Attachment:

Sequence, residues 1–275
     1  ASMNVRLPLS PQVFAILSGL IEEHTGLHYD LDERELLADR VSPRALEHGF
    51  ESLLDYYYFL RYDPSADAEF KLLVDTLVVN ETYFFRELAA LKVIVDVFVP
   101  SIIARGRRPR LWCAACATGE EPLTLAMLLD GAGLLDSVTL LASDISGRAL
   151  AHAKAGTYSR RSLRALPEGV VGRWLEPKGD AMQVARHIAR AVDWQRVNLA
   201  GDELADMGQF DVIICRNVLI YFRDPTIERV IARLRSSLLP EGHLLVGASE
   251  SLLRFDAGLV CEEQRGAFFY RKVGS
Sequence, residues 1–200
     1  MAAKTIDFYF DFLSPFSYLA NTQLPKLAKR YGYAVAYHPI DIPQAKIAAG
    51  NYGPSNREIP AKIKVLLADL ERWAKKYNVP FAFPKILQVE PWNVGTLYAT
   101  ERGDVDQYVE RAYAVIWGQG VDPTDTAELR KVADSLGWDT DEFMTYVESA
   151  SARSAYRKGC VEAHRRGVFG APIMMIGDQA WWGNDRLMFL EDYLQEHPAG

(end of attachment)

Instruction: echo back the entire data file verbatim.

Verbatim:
Sequence, residues 1–275
     1  ASMNVRLPLS PQVFAILSGL IEEHTGLHYD LDERELLADR VSPRALEHGF
    51  ESLLDYYYFL RYDPSADAEF KLLVDTLVVN ETYFFRELAA LKVIVDVFVP
   101  SIIARGRRPR LWCAACATGE EPLTLAMLLD GAGLLDSVTL LASDISGRAL
   151  AHAKAGTYSR RSLRALPEGV VGRWLEPKGD AMQVARHIAR AVDWQRVNLA
   201  GDELADMGQF DVIICRNVLI YFRDPTIERV IARLRSSLLP EGHLLVGASE
   251  SLLRFDAGLV CEEQRGAFFY RKVGS
Sequence, residues 1–200
     1  MAAKTIDFYF DFLSPFSYLA NTQLPKLAKR YGYAVAYHPI DIPQAKIAAG
    51  NYGPSNREIP AKIKVLLADL ERWAKKYNVP FAFPKILQVE PWNVGTLYAT
   101  ERGDVDQYVE RAYAVIWGQG VDPTDTAELR KVADSLGWDT DEFMTYVESA
   151  SARSAYRKGC VEAHRRGVFG APIMMIGDQA WWGNDRLMFL EDYLQEHPAG